Edit cygserver (Cygwin Server) options

This is a Cygwin-specific configuration change. Details of what could be changed are at (click “previous message by thread” a few times for more context).

Results: 12.2 seconds (with drop-off). Exactly the same!

Disable some Windows services

Do this at your own risk. This may seriously impact the stability or reliability of your system. I used this article as a guide:

You could also disable unnecessary startup programs from “msconfig” or the Task Manager.

Please watch the video on YouTube if you want to see exactly what I changed.

Results: 12.6 seconds (with drop-off).

Extra: KVM CPU configuration

By default, KVM specifies lots of CPU sockets, rather than cores or threads. Windows doesn’t support more than 2 CPUs, so you may need to change this to improve performance. I can’t believe I missed this.

Results: 12.6 seconds (with drop-off). This is disappointing, but I guess this is still within the margin of error.

Cygwin Performance Conclusion

Sometimes it’s better to start with the simple things! I do find it interesting that forking was quicker with 2 cores than it was with 6 in VirtualBox, though. I completed a package build after the end of the video, and it was significantly quicker than before, which was nice.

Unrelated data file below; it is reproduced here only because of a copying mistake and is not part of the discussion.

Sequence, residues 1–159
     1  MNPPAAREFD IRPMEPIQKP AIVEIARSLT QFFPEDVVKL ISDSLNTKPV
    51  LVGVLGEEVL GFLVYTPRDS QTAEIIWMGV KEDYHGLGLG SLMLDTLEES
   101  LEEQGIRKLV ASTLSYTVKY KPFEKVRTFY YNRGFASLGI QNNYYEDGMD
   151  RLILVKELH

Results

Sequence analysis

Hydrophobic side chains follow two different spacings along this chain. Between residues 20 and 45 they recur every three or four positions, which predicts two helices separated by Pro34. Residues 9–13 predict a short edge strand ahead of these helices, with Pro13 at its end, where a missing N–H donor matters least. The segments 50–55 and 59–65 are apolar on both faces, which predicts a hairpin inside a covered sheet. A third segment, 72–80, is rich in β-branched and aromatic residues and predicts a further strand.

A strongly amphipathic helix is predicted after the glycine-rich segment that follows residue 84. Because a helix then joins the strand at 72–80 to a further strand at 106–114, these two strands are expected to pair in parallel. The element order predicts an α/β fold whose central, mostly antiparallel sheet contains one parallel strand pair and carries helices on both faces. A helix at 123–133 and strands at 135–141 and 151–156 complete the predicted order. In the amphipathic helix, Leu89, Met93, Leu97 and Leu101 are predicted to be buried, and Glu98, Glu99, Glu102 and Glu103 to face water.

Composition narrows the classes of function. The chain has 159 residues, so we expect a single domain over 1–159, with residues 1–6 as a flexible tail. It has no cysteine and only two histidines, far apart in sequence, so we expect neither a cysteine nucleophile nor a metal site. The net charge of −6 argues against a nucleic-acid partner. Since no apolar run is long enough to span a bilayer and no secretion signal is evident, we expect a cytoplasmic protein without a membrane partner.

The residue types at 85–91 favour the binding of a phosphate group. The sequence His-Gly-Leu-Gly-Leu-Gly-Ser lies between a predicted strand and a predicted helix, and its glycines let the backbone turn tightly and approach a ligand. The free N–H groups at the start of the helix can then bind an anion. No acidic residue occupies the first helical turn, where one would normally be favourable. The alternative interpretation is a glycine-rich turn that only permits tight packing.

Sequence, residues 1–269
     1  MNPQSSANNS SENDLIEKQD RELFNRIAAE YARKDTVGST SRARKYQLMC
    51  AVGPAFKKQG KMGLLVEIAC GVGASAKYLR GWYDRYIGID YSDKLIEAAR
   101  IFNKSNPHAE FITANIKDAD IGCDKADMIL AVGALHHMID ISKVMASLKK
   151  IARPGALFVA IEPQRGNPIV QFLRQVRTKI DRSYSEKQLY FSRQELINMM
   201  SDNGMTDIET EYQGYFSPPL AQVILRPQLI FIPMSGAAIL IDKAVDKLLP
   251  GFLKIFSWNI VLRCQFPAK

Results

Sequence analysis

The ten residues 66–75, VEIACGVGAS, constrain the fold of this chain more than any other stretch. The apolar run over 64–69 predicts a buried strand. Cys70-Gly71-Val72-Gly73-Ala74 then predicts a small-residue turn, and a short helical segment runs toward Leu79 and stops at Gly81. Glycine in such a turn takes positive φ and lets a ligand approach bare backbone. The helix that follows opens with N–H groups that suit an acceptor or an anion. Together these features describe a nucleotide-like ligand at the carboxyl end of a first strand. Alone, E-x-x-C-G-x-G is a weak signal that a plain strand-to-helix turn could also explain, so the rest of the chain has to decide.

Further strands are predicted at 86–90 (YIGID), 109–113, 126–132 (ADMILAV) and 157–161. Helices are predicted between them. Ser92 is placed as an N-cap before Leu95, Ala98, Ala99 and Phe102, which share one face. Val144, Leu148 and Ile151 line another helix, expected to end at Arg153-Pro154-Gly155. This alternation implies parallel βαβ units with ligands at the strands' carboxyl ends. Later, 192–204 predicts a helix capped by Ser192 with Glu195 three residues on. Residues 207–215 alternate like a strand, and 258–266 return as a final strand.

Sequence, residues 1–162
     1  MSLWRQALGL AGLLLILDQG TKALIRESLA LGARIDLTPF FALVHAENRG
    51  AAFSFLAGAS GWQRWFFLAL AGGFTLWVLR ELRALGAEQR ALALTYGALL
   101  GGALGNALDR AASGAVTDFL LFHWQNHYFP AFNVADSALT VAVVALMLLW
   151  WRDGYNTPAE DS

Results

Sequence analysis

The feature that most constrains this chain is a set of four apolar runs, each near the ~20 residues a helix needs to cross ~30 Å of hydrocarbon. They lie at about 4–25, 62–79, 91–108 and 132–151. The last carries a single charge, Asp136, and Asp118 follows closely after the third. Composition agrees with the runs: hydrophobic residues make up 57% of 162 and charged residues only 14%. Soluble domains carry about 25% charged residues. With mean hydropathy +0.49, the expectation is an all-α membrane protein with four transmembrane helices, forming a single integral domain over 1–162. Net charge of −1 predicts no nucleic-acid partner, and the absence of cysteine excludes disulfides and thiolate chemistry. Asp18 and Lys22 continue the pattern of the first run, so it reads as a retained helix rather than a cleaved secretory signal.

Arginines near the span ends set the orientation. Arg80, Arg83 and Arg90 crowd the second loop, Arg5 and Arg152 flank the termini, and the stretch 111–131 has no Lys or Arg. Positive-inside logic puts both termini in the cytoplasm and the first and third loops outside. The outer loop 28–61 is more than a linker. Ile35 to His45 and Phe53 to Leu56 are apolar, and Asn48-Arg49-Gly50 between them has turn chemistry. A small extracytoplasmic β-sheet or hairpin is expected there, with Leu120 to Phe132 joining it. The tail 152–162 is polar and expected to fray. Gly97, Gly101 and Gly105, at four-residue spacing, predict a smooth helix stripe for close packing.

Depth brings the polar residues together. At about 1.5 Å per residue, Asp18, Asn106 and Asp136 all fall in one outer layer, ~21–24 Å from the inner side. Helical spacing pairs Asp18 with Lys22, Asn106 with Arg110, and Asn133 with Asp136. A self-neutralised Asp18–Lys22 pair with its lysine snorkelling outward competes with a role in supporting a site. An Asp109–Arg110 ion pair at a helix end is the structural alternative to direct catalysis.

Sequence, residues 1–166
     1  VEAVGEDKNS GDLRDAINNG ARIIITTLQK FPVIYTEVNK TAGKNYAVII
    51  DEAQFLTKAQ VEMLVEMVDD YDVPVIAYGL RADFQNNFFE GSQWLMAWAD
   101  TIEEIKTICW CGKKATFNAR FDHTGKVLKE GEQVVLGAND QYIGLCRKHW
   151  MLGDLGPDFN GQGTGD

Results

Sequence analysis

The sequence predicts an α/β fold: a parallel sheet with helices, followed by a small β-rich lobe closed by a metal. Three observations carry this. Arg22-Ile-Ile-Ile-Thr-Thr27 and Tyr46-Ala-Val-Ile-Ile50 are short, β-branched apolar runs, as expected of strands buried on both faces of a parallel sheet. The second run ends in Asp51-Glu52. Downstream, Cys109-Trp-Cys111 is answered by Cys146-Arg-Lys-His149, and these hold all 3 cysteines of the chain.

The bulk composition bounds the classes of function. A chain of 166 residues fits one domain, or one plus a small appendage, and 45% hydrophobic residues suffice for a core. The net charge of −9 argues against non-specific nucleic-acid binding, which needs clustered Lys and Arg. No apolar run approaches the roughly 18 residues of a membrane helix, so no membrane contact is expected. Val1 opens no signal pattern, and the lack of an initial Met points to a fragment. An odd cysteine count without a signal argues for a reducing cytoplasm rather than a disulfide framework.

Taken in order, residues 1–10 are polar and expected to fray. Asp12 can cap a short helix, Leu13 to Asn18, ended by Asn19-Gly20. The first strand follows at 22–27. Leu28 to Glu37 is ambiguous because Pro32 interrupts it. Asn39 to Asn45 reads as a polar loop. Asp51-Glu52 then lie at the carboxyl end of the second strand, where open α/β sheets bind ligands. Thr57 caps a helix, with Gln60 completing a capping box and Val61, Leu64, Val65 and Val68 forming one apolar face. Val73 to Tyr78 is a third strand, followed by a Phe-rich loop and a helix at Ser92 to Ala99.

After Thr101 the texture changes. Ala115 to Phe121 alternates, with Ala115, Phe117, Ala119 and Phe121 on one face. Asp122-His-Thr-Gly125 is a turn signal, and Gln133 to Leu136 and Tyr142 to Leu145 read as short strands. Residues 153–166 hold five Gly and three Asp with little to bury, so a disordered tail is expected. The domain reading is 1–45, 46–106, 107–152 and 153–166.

Hopefully this has been useful to you, and see you in the next post 🙂

Tagged , , . Bookmark the permalink.

About Hamish McIntyre-Bhatty

I'm a self-employed software developer working on Free Software projects, as well as studying for my degree with the Open University. Being pedantic when it comes to detail is fortunately useful for both of these things! A strong believer in free software, I have a few pay-for programs available under the GPLv3 and enjoy reporting bugs and helping to improve various open source projects, including volunteering at Wimborne Model Town to work on their river control system.

5 Responses to Adventures in Cygwin’s fork performance

  1. Adelaide says:

    So, essentially, an hour long video, a long article, and a misleading title, all to say that no Cygwin or Windows 10 settings will improve fork performance.

    • I see your point, I will change the title to be clearer.

      To be fair, there is a disclaimer at the top of the article, and it is noted that I saw a significant improvement when building packages at the bottom if the article, which suggests my testing method wasn’t showing many of the improvements. I couldn’t show the improvement because sadly I neglected to record the time properly for that package build before starting work on this post/video.

      As I said though, I will change the title and add the disclaimer to the video description. Even as it is, it is hopefully helpful to someone who is having really poor performance.

  2. Johnny Norre says:

    Have you seen this video? regarding rust is slow to install on Windows 10 (and a possible solution)

  3. This video by Chris Titus Tech: illustrates the performance difference I was seeing after switching from Virtualbox to KVM/QEMU.

    I really wish I had taken some benchmarks before the switch, but sadly I didn’t, and it would be a lot of effort to spin up a new Windows VM in Virtualbox just to do this.

Leave a Reply

Your email address will not be published. Required fields are marked *